He hasn’t. He’s the same guy he was in the first two books. I often tell my readers they don’t have to read the first two to enjoy the third one. They all function as standalones. Nick is just who he is, fully formed. He’s a character like Jack Reacher, or Chandler’s Philip Marlowe. They appear to us, full-grown and fully developed. Nick will find out things about his past, his family, but doesn’t really evolve.

 Having read The Fixer and Guilty Minds, it strikes me that you seem equally at home setting a story in Washington, DC or Boston. How come?

 I consider myself a Bostonian, but have spent time in Washington. The two cities have very different feelings. To write a story based in Washington, I go there to do research. But in essence, I’m quite familiar with both cities.

 Do you ever read your earlier novels? If so, how do they strike you now?

I enjoy looking back over what I’ve done, and those books represent a sort of photograph of where I was at that point in my career. Some of my earlier books are international conspiracy novels, and although I still write conspiracy novels, I don’t do international thrillers any longer.

 Now, I’m interested in different things. We grow and evolve as writers. Looking back on some of the earlier books, I have mixed feelings about them, but they were the best I could do at that time.

 Even today when I re-read a book shortly after it’s been published, I usually find something or other I would have done differently. In fact, with every book, you should be more demanding of yourself. If we’re not getting better at our craft, something is wrong. Actually, that can make writing new novels harder. Because our critical faculties are more highly developed, we become less tolerant of mistakes.

 Do you have a favorite among all your own novels?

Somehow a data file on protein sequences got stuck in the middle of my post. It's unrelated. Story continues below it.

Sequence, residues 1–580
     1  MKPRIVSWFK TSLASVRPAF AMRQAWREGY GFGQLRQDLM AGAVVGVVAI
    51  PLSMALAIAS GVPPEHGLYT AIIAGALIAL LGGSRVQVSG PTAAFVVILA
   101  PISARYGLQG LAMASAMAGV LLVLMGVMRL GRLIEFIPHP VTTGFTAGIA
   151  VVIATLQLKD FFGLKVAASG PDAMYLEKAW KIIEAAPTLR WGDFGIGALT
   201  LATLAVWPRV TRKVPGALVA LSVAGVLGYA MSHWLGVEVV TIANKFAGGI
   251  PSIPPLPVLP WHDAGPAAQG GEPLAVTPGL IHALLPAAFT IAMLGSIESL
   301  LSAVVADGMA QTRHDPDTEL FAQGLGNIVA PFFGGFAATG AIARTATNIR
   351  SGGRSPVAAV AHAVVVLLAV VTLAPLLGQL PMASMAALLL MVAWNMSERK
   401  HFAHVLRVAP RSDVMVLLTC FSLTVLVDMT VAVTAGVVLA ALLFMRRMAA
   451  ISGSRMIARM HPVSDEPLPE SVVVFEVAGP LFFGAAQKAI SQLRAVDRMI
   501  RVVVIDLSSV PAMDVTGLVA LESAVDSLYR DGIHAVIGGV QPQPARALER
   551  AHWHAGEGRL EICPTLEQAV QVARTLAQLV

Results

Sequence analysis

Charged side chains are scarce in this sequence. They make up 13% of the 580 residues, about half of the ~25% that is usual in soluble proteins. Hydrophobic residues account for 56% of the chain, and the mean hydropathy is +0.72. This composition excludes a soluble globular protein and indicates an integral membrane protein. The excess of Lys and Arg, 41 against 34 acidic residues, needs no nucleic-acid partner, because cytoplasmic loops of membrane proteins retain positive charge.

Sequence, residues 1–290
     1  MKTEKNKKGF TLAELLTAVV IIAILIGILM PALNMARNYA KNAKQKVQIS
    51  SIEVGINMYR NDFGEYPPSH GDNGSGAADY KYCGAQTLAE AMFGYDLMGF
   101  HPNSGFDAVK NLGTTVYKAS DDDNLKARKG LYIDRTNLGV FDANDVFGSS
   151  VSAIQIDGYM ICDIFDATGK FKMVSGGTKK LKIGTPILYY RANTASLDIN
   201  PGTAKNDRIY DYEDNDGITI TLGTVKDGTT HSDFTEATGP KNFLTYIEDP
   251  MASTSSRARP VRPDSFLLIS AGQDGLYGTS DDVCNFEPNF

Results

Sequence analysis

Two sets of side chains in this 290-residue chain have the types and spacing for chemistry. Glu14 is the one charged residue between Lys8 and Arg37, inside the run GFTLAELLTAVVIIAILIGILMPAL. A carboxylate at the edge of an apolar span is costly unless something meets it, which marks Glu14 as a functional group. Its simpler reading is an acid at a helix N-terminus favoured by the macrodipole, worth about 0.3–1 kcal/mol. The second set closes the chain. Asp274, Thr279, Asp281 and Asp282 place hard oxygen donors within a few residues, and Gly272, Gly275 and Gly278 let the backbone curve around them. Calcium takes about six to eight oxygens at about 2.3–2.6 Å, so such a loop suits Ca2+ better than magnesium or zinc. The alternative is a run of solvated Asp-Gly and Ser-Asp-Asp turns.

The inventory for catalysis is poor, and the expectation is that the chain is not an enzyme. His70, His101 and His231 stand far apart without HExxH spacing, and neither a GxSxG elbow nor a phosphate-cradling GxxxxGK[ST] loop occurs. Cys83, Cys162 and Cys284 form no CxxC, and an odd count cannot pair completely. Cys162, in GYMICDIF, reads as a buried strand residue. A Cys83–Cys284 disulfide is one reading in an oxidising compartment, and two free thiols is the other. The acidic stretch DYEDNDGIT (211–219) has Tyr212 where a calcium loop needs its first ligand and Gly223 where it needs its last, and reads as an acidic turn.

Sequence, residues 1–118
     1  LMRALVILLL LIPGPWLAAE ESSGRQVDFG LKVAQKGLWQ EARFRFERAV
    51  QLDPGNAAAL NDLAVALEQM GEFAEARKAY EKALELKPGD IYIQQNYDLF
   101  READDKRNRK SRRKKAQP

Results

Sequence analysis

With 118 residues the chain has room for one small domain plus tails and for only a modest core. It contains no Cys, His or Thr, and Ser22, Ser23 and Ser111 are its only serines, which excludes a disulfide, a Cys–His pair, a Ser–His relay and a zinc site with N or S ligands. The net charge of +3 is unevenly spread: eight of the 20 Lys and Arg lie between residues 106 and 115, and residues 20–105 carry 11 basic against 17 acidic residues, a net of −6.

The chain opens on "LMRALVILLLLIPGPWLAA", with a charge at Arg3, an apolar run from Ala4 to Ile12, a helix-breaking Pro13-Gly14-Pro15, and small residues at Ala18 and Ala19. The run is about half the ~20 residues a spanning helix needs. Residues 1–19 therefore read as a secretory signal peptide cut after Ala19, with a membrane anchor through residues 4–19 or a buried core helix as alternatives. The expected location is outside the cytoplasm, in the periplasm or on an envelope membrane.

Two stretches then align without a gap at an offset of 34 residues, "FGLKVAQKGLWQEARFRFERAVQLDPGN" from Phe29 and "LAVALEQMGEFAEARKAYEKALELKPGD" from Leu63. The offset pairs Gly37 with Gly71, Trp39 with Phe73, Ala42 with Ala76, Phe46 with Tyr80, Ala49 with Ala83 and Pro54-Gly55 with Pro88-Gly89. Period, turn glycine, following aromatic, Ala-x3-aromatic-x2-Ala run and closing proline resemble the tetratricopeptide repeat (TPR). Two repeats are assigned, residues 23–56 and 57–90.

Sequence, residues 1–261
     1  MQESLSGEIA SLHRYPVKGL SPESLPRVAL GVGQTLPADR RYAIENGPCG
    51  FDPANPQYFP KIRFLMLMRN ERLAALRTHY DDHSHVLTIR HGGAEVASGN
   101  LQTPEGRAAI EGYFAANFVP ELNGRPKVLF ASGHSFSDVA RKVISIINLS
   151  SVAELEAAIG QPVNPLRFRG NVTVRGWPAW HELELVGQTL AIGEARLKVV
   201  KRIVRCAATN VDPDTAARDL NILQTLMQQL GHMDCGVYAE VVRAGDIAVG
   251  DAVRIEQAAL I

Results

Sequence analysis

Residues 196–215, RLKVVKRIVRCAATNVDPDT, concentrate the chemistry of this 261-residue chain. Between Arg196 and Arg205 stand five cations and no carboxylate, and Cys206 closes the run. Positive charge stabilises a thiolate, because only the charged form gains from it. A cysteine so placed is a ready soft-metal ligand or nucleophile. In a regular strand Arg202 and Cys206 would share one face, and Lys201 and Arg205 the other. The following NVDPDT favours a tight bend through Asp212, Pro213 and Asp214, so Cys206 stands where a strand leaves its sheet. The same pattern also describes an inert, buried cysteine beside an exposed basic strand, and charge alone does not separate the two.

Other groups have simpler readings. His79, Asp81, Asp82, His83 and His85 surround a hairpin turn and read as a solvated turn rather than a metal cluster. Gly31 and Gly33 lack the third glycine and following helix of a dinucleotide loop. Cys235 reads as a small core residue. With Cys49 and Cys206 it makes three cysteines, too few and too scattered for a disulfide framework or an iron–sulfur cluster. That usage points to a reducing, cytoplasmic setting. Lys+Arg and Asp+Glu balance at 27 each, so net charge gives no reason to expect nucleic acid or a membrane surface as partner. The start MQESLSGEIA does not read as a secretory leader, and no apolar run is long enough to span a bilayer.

I have a couple. One is Extraordinary Powers, the novel that did the worst in the marketplace. I’ve always felt a connection to that book and have been very protective of it. It’s quite different from the rest of my fiction, and involves mind-reading. The other is Paranoia, my first New York Times hardcover bestseller. It was a breakthrough novel in ways for me, and was a novel that was as close to my real voice as possible. I appreciate different things about each book.

 Who are the authors you read these days?

There are many. I read a lot but try not to read when I’m working full-blast on a novel. I read Nelson DeMille, Harlan Coben, Lee Child, Chris Pavone, Lisa Gardner, and John Grisham, among others. There’s really fine writing being done in the thriller genre.

 If you could read and experience one book again as though reading it for the first time, which would it be?

It would probably be A Wrinkle in Time by Madeleine L’Engle. I read it as a kid and it blew me away. E. L. Doctorow’s Ragtime would be another, along with William Styron’s Sophie’s Choice. These were books in which I was completely immersed.

 What’s coming next from Joseph Finder?

A standalone is coming next. I love writing both the Nick Heller books and the standalones. You can do different kinds of stories with standalones—ones where the protagonist’s life is turned upside down. You can’t do that in a series novel because Nick Heller has to survive each book. But, returning to a Nick Heller book feels like I’m coming back to an old friend.

 Congratulations on writing Guilty Minds, a high-octane thriller melding mystery, murder, politics, and the awesome power of technology in our hyper-connected world.

 Mark Rubinstein’s latest novel The Lovers’ Tango, won the 2016 Benjamin Franklin Award Gold Medal in Popular Fiction